Excerpts from precious home movies are compelling:  following the young Page brothers from their family of twelve kids in a Brisbane suburb ‘always entertainment, always performing, through to discovery, early stardom and eventually joining NAISDA. Their path as cultural leaders seemed fated, inevitable. They had found their ‘ mob of survival’ and took charge of their own destiny.

In the ferment of 1970s, 80s and 90s Australia, Aboriginal voices were demanding to be heard, legislative change was happening, albeit at a glacial pace. In counterpoint artistic practice was taking off like a rocket. There are clips from key rallies and marches which underpin burgeoning artistic efforts utilizing a fusion of traditional cultural elements and contemporary dance. Paul Keating’s 1992 ‘admission of responsibility speech’ in Redfern Park is a knock-out moment.

The film gives a brilliant context for stultifying colonial practices. It is shocking to learn the impacts of assimilation strategies and that Aboriginals had no legal status until late in the 20th century. This provided fuel for the fire for these young artists. They had a mission to keep their culture alive and through story to educate the wider public.

Bangarra emerged from humble beginnings on the smell of an oily rag doing four or five schools’ show a day to survive. Stephen Page became the director at 26, harnessing a fierce work ethic and masses of talent. Success and a a new narrative for Indigenous futures unfolded as a new generation connected with traditional practices by visiting remote country and being immersed in the power of the corroboree.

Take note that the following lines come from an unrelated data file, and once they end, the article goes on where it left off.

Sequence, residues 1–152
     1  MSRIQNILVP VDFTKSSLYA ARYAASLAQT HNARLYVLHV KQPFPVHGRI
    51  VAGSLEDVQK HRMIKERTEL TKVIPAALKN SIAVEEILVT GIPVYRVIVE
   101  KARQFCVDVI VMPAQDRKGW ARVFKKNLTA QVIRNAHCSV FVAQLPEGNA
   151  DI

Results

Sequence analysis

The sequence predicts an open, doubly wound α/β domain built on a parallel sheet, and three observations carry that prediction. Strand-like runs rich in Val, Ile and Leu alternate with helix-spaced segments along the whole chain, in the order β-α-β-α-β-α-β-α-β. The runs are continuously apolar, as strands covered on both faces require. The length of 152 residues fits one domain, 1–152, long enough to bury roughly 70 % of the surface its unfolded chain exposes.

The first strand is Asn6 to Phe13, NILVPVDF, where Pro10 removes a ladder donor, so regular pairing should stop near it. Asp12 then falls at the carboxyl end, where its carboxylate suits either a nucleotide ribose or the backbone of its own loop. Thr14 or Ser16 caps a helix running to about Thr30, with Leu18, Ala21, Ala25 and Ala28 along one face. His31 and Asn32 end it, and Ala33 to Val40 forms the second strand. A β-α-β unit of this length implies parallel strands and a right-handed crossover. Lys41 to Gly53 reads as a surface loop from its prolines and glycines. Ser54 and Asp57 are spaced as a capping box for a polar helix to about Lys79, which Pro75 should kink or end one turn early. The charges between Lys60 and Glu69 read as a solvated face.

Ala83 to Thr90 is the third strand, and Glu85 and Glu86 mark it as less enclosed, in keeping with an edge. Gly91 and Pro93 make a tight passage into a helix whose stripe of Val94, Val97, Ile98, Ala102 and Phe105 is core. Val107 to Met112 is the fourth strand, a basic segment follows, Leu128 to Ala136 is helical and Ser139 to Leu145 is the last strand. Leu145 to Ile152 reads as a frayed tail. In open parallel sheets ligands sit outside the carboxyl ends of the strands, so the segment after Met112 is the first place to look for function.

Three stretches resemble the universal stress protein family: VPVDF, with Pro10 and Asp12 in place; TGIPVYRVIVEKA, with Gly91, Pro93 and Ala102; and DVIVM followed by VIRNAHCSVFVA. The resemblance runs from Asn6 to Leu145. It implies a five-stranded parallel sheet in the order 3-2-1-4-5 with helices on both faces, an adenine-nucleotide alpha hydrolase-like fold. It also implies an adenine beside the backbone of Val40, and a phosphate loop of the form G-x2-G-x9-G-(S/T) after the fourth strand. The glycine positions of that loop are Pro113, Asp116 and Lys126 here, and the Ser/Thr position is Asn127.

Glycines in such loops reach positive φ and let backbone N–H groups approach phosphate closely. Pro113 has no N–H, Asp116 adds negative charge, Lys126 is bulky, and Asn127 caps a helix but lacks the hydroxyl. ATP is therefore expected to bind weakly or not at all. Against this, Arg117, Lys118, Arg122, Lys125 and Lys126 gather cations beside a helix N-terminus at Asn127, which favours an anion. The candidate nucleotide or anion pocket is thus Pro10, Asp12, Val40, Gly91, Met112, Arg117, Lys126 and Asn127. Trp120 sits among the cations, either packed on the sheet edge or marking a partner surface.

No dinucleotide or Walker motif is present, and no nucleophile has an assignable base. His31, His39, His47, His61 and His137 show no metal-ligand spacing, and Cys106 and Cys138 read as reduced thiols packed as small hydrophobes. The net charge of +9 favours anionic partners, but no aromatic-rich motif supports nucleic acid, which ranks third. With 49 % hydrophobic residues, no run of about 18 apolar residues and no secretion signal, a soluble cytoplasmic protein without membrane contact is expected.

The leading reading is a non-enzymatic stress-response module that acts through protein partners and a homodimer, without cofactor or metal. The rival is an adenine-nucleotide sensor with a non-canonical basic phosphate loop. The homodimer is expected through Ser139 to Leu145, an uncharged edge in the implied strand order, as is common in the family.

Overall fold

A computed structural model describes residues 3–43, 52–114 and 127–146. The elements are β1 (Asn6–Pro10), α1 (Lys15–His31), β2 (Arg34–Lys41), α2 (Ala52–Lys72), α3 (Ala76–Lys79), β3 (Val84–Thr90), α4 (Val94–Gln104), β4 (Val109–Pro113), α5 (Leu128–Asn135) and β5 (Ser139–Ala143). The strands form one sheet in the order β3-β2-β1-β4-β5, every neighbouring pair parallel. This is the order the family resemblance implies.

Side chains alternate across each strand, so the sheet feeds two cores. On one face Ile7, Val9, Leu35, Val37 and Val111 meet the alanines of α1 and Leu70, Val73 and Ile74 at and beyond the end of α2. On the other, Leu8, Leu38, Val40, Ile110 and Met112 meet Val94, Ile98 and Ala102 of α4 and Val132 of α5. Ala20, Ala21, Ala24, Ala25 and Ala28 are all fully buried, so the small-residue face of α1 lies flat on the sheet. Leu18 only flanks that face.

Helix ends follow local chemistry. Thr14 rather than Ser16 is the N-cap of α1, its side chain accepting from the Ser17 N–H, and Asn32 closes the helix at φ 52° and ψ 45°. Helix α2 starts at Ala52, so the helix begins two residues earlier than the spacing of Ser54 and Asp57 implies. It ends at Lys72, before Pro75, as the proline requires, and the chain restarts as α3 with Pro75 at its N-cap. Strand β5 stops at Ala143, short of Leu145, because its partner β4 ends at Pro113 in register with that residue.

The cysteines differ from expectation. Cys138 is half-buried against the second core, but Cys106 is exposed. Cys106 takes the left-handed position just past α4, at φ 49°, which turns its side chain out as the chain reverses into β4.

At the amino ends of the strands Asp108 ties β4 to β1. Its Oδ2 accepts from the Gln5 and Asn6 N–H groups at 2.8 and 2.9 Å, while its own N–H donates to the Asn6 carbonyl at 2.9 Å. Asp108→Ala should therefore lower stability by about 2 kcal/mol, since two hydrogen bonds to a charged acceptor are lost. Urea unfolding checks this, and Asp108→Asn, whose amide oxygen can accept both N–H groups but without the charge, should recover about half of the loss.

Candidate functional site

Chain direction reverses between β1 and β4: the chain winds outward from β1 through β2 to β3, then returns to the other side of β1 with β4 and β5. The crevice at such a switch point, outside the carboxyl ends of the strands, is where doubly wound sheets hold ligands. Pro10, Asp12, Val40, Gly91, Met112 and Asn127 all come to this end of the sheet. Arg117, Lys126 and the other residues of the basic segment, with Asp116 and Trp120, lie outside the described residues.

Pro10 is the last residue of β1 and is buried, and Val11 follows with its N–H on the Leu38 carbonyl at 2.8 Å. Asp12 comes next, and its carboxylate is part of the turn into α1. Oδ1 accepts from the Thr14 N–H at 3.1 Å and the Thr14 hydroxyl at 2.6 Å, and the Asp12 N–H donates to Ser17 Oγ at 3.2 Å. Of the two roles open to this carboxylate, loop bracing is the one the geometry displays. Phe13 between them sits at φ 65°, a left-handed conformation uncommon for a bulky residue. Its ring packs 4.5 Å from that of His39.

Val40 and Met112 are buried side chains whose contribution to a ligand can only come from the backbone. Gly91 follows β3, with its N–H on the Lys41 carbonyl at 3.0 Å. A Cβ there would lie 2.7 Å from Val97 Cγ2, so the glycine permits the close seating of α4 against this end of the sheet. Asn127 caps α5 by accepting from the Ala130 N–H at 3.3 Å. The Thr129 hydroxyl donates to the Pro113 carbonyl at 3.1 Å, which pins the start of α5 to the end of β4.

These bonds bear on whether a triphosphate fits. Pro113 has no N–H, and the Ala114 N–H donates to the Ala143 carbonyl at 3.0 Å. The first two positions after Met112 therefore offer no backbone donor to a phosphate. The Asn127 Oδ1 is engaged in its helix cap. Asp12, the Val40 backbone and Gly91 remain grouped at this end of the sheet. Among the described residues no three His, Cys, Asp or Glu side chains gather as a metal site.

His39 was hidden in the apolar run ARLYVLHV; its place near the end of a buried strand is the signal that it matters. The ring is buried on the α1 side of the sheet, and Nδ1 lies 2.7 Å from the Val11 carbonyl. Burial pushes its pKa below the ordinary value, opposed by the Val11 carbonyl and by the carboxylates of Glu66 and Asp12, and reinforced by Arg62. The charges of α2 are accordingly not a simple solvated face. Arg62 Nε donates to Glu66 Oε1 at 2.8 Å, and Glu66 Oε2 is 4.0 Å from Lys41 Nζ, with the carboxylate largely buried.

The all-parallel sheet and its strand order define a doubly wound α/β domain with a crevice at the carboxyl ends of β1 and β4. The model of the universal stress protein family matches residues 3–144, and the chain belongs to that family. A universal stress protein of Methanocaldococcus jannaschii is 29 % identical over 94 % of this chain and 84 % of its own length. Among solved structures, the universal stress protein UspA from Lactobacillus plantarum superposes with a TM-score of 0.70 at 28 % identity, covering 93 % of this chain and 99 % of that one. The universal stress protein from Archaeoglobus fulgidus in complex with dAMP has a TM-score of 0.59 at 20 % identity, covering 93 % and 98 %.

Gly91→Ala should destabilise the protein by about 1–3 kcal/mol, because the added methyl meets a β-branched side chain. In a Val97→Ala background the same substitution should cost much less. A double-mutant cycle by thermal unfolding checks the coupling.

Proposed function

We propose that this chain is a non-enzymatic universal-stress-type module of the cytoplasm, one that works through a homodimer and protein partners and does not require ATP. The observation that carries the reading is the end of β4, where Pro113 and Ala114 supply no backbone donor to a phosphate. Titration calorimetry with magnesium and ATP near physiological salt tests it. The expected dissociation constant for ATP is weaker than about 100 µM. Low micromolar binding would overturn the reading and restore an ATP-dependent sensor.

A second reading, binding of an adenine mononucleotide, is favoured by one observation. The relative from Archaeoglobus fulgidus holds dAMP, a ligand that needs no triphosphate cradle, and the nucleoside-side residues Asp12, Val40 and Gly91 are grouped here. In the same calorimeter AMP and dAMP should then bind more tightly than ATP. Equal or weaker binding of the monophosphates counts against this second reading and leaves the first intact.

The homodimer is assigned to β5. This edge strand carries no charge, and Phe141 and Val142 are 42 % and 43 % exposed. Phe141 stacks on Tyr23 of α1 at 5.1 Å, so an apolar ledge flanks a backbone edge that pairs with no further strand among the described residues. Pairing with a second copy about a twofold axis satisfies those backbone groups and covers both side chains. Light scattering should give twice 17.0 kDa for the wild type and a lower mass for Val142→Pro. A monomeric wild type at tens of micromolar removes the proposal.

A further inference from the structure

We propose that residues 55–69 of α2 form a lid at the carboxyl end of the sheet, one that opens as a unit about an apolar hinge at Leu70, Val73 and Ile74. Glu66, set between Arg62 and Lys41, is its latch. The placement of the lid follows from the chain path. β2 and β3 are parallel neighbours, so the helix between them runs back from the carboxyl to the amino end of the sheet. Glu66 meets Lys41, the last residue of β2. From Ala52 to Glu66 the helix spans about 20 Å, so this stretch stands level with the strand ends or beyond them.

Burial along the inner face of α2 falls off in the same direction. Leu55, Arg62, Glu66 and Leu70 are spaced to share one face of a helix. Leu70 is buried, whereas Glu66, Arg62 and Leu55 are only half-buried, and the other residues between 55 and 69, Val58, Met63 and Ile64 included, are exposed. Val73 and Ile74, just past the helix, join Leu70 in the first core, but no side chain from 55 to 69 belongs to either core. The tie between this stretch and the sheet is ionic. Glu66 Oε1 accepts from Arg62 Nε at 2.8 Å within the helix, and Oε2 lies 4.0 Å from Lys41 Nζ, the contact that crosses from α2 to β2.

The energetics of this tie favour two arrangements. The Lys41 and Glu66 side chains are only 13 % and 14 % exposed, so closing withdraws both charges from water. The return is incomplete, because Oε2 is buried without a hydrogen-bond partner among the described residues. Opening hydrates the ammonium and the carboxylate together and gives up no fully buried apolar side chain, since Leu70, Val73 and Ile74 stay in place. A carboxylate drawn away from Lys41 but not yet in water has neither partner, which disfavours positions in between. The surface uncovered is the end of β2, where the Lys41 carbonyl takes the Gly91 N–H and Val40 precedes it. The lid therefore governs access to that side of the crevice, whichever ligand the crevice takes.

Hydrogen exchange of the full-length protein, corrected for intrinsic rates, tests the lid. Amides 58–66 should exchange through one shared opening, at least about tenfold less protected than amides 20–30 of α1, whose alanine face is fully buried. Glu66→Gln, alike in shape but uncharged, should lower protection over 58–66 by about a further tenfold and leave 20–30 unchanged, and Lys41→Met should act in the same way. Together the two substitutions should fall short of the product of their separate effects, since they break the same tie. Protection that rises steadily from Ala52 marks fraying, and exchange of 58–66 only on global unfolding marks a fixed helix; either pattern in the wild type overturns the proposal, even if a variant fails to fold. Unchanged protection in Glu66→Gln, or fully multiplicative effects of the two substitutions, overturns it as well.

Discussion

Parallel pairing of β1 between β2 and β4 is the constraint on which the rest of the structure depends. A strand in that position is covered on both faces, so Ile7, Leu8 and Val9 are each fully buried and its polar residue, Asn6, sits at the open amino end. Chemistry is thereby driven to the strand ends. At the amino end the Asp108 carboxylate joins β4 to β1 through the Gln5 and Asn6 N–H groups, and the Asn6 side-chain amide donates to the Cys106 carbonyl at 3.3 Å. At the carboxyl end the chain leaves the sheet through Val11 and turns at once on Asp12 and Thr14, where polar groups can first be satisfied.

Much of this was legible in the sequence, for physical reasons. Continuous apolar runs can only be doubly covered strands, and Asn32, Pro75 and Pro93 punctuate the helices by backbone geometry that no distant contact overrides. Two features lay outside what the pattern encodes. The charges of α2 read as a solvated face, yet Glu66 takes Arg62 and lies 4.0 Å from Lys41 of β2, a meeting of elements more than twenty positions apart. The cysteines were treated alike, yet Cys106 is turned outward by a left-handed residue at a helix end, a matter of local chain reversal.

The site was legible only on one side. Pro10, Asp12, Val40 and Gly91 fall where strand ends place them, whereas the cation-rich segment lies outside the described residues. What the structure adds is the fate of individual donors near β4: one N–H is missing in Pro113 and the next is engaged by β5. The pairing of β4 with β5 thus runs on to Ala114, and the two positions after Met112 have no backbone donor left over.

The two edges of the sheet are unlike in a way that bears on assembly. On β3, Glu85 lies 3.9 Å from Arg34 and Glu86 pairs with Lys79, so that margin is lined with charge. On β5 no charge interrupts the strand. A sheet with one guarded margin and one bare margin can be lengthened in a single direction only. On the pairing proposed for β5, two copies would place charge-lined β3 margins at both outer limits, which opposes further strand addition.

Footage from performances is used sparingly but it provides an understanding of the unique artistic voice and repertoire that evolved, incorporating contemporary and traditional elements of dance – always returning to the source for confirmation and authenticity.

The results are electrifying and leave the watcher yearning to see these works live.

There is an extraordinary section dedicated to the opening of the Sydney Olympics, choreographed and directed by Stephen Page where hundreds of Aboriginal people come from all over Australia. Many have never left their tribal lands.

The Page brothers were at the helm of a mob of extraordinary artists, but this tale of resurgence and hope is also tragically sad. Two of the brothers struggle despite their enormous passion and talent and ultimately leave Stephen Page to hold the torch on his own. The impacts of intergenerational trauma due to colonization of the indigenous people of Australia resonates throughout the film. The past continues to haunt.

Bangarra Dance Theatre creates healing art; art as a solace; art as a conduit, art as a container for unbearable generational pain. 

Sensational dancer and now director of the company Frances Rings says towards the end of the film, ‘Our children need to know they are understood and important’.

The refreshing and vibrant thoughts of the next generation of dancers, many of whom are related to the pioneers, ends this riveting documentary on a positive note.

 ‘The urban tribe of Bangarra is like a warm blanket for me’ is one of the closing comments.

* Aboriginals believe that the Dreamtime was way back, at the very beginning. The land and the people were created by the Spirits. They made the rivers, streams, water holes the land, hills, rocks, plants and animals. It is believed that the Spirits gave them their hunting tools and each tribe its land, their totems and their Dreaming.

The Aboriginals believed that the entire world was made by their Ancestors way back in the very beginning of time, the Dreamtime. The Ancestors made everything.

The documentary is available for purchase on line and on netflix